Two Halachic Workarounds, Rejected

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workaround17 Sivan: Two Halachic Workarounds, Rejected

More than a century apart, R. Ezriel Hildesheimer and R. Eliezer Waldenberg wrote responsa with a 17 Sivan date, each one about suggested ways of circumventing Shabbat prohibitions.

R. Hildesheimer’s responsum, Shu”t R. Ezriel Hildesheimer 1;Orach Chayyim 42, responds to a question about heating liquid on Shabbat. The questioner, R. Shlomo Dov Filstein, a rabbi in Odessa, argued for various ways to allow submerging a container of cold liquid into a larger container of hot water. 17 Sivan 1874, he opened with a question as to why R. Hildesheimer had ruled that leaving the top of an item unsubmerged was insufficient to avoid problems of hatmanah, the prohibition against surrounding something with heat on Shabbat.

The questioner suggests that unless the item is completely surrounded, it should be ok, which would allow submerging it to the point that the top is the only part not covered by the water. Tthis depends on what we assume about a case in Shabbat 38b-39b, where the people of Teverya ran a pipe through their hot springs, in order to get hot water on Shabbat—the questioner assumes the pipe was fully submerged, R. Hildesheimer less so. He notes that the language of many rishonim is unclear, but that in the case of the pipe of Teverya, Tosafot speak of it having walls all around, but imply that if it is completely uncovered on top, that should be sufficient as well. Just having a cover that isn’t submerged, though, would seem to be a problem.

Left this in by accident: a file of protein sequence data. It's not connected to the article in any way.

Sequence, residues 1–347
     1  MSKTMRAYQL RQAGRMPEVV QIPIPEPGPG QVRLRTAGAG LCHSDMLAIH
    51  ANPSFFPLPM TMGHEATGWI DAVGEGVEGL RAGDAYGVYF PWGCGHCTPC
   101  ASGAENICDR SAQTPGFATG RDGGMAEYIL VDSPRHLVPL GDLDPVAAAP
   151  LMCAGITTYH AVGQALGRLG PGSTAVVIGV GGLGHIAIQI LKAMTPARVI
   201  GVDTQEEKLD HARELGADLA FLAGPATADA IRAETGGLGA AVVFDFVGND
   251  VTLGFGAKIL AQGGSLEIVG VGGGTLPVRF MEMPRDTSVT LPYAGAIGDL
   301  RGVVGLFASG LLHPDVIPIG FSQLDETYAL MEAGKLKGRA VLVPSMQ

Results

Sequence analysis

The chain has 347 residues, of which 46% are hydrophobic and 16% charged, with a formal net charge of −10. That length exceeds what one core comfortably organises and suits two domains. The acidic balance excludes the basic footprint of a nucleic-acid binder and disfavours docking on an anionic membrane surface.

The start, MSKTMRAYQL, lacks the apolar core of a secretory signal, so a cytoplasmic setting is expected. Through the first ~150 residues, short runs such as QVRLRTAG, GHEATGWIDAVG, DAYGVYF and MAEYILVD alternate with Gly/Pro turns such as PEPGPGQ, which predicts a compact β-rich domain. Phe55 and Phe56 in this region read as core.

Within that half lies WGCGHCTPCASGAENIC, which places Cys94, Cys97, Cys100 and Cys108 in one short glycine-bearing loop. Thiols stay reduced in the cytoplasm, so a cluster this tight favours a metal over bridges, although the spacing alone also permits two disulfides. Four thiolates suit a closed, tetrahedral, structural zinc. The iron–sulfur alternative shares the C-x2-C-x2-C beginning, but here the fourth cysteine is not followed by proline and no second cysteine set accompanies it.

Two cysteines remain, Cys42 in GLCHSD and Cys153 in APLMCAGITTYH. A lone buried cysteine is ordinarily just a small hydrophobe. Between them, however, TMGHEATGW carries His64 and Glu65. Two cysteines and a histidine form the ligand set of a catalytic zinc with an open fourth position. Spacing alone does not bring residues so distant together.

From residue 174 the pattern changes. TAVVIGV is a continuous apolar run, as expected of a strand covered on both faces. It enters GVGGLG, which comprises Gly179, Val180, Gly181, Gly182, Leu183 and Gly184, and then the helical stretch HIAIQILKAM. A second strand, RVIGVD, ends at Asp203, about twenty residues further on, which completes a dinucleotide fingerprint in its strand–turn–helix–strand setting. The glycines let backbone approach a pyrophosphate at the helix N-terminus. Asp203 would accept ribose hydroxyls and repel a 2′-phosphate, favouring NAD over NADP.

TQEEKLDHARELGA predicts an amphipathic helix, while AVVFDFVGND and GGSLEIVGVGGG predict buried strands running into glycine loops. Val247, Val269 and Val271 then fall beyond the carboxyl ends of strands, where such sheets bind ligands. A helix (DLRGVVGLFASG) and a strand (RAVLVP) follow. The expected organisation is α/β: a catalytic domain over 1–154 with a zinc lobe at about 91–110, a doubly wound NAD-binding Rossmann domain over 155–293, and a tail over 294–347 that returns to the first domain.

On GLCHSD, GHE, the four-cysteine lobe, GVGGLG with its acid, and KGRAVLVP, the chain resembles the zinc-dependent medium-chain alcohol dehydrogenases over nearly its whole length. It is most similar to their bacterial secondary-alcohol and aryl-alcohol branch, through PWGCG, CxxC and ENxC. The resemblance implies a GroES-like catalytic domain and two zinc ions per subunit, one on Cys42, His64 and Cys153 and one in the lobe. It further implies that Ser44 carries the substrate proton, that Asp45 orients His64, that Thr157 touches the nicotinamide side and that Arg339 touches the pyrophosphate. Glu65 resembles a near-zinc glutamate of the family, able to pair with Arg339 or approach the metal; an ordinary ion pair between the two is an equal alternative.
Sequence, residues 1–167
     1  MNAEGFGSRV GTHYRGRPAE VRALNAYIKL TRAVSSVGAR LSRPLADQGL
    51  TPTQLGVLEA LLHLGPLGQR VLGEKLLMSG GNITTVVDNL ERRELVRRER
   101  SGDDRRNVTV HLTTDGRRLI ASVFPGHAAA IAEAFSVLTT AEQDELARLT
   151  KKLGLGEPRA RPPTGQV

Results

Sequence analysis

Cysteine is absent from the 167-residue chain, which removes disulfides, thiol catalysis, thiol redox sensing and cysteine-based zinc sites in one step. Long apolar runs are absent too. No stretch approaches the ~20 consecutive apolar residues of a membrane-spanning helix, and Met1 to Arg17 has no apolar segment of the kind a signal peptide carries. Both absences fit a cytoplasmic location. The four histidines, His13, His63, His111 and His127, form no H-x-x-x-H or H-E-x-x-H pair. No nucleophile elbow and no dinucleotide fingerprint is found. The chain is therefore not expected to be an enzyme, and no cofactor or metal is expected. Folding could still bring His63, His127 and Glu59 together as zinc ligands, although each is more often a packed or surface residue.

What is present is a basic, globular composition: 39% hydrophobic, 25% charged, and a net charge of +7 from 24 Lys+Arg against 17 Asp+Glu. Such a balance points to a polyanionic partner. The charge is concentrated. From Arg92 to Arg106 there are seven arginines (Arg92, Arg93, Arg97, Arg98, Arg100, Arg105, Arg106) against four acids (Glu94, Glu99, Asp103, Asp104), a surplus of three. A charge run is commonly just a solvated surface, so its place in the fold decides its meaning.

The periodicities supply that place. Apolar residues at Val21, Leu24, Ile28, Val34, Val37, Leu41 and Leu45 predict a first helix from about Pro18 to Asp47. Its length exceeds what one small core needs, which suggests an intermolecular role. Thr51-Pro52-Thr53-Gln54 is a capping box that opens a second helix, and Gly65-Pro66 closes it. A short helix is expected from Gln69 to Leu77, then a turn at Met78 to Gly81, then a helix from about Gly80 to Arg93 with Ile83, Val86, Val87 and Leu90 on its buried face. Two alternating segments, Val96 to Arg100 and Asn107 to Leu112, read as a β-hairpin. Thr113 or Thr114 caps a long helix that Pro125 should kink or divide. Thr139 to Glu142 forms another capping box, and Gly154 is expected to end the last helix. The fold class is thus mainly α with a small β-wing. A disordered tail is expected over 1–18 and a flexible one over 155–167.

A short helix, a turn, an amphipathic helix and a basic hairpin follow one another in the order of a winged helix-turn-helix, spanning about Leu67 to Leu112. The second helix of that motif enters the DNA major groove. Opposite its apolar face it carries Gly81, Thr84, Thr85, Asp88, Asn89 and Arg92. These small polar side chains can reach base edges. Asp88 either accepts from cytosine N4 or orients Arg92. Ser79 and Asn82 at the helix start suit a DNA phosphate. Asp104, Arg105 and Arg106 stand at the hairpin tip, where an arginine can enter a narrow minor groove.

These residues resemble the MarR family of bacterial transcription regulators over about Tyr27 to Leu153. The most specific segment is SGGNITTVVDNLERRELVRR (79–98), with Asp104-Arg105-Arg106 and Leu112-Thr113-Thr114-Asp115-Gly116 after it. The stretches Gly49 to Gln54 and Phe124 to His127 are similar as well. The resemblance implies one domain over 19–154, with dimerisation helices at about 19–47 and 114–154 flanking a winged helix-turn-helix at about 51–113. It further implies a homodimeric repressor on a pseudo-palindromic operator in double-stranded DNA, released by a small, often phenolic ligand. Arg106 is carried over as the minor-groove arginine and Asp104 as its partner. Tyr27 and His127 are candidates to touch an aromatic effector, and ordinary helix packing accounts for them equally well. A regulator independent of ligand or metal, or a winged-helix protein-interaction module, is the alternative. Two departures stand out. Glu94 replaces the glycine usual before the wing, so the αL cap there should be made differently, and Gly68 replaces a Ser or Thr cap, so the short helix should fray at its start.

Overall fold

Re-Cooking or Hatmanah?

The pot in question contained some kind of liquid, and the goal wasn’t to reheat the food so much as to warm it enough that it wasn’t cold. Each of those raises issues. There is some debate as to whether liquid, once cooked, can ever lose that status. Dry foods, such as vegetables, meat, and chicken fall under the rule of אין בישול אחר בישול, that once cooked, there is no halachic concept of cooking them again. That doesn’t always mean it’s always allowed to reheat them, but it removes one barrier, because that reheating will never be cooking.